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borboski

Target Man - without jumping or heading

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Right - so in the Skrillz Premier I have a... fairly average side. One good striker, Kaine Shepherd, who has banged in 20+ goals for two seasons in a row. A basic and rigid 4-4-2 hasn't really got me anywhere, and so I've looked what the rest of the league are using and moved to:

FC

AML AMC AMR

MC MC

DL DC DC DR

I think this offers some tactical variation that makes sense. With the 4-4-2 I didn't know what to do to change it up. I could tell them to be "attacking" but it never resulted in making chances, if anything I'd just concede straight away. This one lets me:

- If I want to be very attacking I can show the AMC up to make to strikers, this guy is my jumping and heading monster, so we can go attacking, route one, cross early, etc.

- When I'm away the two MCs and drop back and both play in the DMC slot, the two AMLRs can come back as well to be MLRs, and I have some players who can do a "defensive winger" job.

So, generally I'm keeping it quite simply; both the MCs are "ball winning midfielders" and the back 4 are all "limited". The back 4 get very high average ratings, so I'm happy with that. I don't understand rigid/fluid, so I'm keeping that normal, or more rigid, with the aim that players keep their shape. I'm happy to go direct, the idea is that:

- We have 5 players in and around the midfield, lots of whom can head and tackle.

- We quickly move the ball out to the wide man.

So, ideally my FC would be a big guy who could link the play up, but Kaine Shephard is a nippier finisher. What sort of instructions should I give him? Do you think target man could work, or is there something else? I basically want to encourage players to feed him; I don't want him dropping back, I want him "on the shoulder" of the centre backs ready to make runs.

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A TM wouldn't work in his case if you use direct passes, that would result in high passes. If he has some strength you could use a DLF, you could use a TQ if he has creativity, technique, flair, CF-s if he is decent at a lot. To keep it simple a dlf-s would probably be yourbest bet if he has some strength.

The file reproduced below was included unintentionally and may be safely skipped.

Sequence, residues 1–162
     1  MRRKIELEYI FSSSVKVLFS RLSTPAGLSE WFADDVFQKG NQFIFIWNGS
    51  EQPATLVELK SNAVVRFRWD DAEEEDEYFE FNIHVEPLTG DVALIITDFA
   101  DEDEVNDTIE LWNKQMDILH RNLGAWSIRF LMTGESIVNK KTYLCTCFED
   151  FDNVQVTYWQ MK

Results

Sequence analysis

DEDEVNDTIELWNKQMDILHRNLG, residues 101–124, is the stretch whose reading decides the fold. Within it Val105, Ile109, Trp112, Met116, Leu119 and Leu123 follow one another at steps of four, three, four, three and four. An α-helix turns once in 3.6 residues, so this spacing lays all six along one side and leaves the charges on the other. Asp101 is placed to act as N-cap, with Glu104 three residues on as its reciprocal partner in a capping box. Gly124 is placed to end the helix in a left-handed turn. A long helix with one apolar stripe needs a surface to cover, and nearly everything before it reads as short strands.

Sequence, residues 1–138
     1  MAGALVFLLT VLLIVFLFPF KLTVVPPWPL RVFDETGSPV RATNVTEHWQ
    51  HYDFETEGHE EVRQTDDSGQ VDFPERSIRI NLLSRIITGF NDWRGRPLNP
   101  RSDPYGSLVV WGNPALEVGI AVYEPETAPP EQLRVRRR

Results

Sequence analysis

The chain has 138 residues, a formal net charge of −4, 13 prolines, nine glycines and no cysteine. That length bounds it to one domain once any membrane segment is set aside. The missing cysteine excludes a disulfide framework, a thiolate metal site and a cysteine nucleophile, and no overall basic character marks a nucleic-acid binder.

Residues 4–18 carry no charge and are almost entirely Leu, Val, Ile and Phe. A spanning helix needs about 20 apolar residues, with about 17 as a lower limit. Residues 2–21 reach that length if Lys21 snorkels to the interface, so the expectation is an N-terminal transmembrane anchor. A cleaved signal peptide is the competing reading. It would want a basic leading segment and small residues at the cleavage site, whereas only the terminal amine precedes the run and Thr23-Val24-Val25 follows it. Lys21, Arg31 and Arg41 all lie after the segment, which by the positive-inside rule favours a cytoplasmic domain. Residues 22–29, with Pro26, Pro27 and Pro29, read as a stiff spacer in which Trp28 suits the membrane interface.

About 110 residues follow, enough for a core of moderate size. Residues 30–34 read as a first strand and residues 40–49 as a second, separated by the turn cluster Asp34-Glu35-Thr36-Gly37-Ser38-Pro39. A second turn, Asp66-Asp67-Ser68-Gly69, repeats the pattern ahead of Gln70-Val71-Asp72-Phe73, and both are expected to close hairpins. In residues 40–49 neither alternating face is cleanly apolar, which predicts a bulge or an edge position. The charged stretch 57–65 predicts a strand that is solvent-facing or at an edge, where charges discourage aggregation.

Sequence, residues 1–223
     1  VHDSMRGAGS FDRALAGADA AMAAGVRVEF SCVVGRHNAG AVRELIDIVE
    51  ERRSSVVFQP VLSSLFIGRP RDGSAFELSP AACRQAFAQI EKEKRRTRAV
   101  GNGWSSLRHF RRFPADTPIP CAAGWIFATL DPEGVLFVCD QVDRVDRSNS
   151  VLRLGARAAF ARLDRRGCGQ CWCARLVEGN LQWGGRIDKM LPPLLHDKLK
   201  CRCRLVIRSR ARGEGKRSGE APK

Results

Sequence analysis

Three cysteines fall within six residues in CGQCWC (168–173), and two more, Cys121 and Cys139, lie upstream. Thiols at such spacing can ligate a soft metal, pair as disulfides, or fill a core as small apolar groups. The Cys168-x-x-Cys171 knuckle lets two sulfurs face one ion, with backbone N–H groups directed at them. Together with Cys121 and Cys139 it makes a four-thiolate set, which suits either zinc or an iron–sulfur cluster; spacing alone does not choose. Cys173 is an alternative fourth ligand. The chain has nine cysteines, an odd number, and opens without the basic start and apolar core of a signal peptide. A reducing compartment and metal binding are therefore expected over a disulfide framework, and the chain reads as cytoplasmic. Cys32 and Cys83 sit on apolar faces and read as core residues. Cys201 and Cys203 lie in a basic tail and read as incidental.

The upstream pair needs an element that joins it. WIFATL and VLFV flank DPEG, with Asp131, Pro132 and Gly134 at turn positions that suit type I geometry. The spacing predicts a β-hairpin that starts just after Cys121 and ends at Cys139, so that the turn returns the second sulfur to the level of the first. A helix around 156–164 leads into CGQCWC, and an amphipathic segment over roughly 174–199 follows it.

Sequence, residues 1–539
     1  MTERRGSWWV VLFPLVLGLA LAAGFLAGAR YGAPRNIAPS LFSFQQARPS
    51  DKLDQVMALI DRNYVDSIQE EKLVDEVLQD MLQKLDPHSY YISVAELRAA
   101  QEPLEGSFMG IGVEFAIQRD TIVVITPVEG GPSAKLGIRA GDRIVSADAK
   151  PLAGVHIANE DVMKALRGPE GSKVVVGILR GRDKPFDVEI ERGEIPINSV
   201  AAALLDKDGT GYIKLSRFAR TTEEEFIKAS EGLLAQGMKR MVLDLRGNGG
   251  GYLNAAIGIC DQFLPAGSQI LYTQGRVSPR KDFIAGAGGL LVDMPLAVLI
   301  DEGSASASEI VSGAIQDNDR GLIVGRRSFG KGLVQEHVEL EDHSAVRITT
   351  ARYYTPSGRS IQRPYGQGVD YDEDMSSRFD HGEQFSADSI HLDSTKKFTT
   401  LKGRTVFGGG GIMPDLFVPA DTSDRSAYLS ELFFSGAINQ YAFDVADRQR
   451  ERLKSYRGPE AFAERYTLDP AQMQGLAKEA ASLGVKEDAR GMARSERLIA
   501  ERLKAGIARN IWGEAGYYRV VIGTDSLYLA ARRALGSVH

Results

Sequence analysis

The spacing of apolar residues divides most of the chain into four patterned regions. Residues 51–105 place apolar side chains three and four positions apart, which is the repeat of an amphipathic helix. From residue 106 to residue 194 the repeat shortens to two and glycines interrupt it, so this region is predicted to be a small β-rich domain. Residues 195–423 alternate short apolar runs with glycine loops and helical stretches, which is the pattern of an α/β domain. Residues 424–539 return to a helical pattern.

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Thanks.

Which reminds - a simple question - what does the "deep" in DLF mean? Does it mean he's deep towards the opposition's goal, into their territory, or is he deep within my own formation, e.g. operating more like a centre forward? I'm assuming it means he's playing in a more attacking position?

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Deep = towards your goal, High = towards their goal.

So a DLF-s will drop between the regular striker position (in between the DC's) and the AMC position. Still by the way, if you use direct passing, some high balls will be passed to him, but not as frequent as with a TM-s if I am correct.

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... I don't understand rigid/fluid, so I'm keeping that normal, or more rigid, with the aim that players keep their shape...

For a better understanding of Fluitity take a look here:

How-to-Play-FM14-A-Twelve-Step-Guide

"Step" 1 should be very helpfull, at least it helped me alot to get the idea.

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